Picture of athlete cycling

Open Access research with a real impact on health...

The Strathprints institutional repository is a digital archive of University of Strathclyde's Open Access research outputs. Strathprints provides access to thousands of Open Access research papers by Strathclyde researchers, including by researchers from the Physical Activity for Health Group based within the School of Psychological Sciences & Health. Research here seeks to better understand how and why physical activity improves health, gain a better understanding of the amount, intensity, and type of physical activity needed for health benefits, and evaluate the effect of interventions to promote physical activity.

Explore open research content by Physical Activity for Health...

Regression analysis of gait parameters with speed in normal children walking at self-selected speeds

Stansfield, B.W. and Hillman, S.J. and Hazelwood, M.E. and Robb, J.E. (2006) Regression analysis of gait parameters with speed in normal children walking at self-selected speeds. Gait and Posture, 23 (3). pp. 288-294. ISSN 0966-6362

Full text not available in this repository. Request a copy from the Strathclyde author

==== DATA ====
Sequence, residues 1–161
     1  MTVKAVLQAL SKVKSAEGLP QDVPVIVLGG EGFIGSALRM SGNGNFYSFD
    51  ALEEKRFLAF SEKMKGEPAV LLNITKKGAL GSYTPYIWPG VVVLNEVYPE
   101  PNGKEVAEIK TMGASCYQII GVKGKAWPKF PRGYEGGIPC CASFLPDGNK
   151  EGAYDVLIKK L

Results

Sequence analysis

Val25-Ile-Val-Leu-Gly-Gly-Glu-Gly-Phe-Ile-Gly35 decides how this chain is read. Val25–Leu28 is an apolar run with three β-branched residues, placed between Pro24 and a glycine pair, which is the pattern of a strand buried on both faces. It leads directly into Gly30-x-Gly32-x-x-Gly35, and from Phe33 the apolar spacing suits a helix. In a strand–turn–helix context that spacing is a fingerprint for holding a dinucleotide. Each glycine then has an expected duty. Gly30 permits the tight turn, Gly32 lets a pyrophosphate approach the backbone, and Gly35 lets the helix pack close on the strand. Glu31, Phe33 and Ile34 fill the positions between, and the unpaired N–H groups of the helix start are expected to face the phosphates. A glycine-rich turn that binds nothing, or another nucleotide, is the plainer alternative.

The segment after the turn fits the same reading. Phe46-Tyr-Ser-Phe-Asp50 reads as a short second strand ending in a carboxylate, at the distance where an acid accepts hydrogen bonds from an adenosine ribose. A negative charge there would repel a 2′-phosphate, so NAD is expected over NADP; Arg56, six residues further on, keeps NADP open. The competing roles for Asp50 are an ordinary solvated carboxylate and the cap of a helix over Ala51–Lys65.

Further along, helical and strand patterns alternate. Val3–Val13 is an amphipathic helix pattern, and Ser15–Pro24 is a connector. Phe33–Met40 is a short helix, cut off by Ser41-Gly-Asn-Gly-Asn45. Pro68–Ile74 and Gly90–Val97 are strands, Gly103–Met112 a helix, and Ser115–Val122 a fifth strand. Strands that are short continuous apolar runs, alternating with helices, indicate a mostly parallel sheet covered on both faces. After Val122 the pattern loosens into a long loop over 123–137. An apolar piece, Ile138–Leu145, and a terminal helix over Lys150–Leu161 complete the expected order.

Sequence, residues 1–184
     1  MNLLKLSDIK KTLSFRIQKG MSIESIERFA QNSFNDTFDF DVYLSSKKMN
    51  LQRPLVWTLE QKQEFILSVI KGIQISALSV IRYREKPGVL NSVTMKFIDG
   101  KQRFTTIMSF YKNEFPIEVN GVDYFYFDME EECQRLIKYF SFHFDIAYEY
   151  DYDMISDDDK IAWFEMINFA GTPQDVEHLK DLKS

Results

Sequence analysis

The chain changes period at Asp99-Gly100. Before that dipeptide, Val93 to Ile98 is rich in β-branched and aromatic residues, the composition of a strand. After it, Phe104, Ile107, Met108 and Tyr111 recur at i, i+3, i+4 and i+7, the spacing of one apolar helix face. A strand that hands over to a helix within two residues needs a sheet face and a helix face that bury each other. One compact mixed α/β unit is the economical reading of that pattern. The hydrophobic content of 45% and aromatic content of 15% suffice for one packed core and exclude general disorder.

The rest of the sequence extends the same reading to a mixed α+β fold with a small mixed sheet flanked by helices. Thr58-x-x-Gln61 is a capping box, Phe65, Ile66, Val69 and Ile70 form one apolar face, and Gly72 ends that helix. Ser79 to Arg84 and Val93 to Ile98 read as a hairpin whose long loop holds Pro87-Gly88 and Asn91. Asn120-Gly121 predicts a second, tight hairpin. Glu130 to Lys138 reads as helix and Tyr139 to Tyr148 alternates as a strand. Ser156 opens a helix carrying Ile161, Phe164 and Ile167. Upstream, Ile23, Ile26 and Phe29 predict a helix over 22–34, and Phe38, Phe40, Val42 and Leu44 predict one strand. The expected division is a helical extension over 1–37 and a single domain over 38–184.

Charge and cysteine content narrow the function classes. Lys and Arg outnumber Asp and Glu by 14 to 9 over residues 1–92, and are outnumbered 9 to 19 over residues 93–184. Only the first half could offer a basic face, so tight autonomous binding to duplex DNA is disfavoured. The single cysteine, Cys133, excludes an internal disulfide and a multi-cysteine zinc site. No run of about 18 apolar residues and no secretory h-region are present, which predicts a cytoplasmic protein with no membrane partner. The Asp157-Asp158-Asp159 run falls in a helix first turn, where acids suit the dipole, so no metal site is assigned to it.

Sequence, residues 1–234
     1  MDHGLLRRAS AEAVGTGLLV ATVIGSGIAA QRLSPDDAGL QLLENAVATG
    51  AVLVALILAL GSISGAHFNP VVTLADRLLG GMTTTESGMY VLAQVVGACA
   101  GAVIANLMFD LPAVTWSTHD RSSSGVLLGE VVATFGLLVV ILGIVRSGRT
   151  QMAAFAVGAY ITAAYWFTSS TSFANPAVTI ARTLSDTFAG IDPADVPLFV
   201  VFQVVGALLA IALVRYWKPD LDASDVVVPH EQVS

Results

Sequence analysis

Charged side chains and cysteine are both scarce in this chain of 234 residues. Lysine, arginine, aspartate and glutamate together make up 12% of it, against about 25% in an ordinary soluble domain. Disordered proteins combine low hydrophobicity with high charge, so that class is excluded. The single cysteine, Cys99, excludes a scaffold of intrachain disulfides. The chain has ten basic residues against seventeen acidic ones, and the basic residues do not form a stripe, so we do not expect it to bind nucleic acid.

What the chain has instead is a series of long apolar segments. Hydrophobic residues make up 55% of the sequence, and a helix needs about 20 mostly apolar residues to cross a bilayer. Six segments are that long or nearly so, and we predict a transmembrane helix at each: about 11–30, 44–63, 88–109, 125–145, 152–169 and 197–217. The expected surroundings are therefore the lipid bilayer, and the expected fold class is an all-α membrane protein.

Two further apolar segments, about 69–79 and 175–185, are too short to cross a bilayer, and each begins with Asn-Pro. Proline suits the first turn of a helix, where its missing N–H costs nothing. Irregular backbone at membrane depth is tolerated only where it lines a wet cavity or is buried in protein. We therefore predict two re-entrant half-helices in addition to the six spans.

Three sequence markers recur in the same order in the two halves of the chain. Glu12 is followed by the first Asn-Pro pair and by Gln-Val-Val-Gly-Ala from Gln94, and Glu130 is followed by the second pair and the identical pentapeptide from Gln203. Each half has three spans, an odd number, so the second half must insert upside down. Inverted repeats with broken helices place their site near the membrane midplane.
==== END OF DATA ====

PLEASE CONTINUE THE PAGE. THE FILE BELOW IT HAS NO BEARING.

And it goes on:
Abstract

Dimensionless analysis ensures that differences in sizes (e.g. height and weight) of children have a minimal influence on gait parameters. The results of changes in speed on gait parameters were examined using dimensionless analysis on data from a prospective 5-year study of 16 children. Linear regression analysis of peak and trough values of temporal distance parameters, ground reaction forces, joint angles, moments and powers provide a quantitative description of gait development with normalised speed. These linear relationships can be used to estimate gait parameters from speed measurements for normal subjects. However, caution is advised in using the data to attempt to predict an individual's gait parameters due to the wide spread of data about the regression lines and we do not recommend that the data be used to extrapolate the regression data to wider speed ranges.